A computing device that provides predefined services, and that has its underlying operating (OS) software hidden beneath an application-specific interface. Computing appliances offer reduced complexity (e.g., installation, administration and maintenance) and faster deployment by hiding the operating software and embedding the application within the device. A computing appliance may be based on a general-purpose OS (e.g., Windows, Solaris or Linux) if the OS’s complexity is hidden and the ability to load arbitrary services is removed.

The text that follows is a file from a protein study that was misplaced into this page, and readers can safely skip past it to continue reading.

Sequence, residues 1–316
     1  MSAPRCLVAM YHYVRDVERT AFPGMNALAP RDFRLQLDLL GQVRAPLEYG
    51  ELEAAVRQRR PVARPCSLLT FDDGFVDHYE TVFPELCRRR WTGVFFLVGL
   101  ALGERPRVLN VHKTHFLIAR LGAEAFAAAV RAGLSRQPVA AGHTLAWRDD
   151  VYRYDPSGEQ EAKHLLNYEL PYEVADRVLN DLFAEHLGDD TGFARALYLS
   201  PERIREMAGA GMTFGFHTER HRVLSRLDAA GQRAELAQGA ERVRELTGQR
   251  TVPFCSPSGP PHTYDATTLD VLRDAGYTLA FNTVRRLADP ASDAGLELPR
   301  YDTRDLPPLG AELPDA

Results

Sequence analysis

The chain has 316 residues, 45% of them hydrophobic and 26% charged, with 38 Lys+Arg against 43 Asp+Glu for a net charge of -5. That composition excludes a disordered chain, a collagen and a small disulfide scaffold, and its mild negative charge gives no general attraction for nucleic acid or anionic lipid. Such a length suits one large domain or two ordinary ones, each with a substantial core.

Computing appliances can provide one or more services; however, they not general-purpose devices in that they are not flexible in the services they provide. Administrators do not need platform expertise — just limited application and appliance-specific expertise.
Gartner has defined four fundamental types of computing appliances — see separate entries for server appliance, storage appliance, network appliance and client appliance.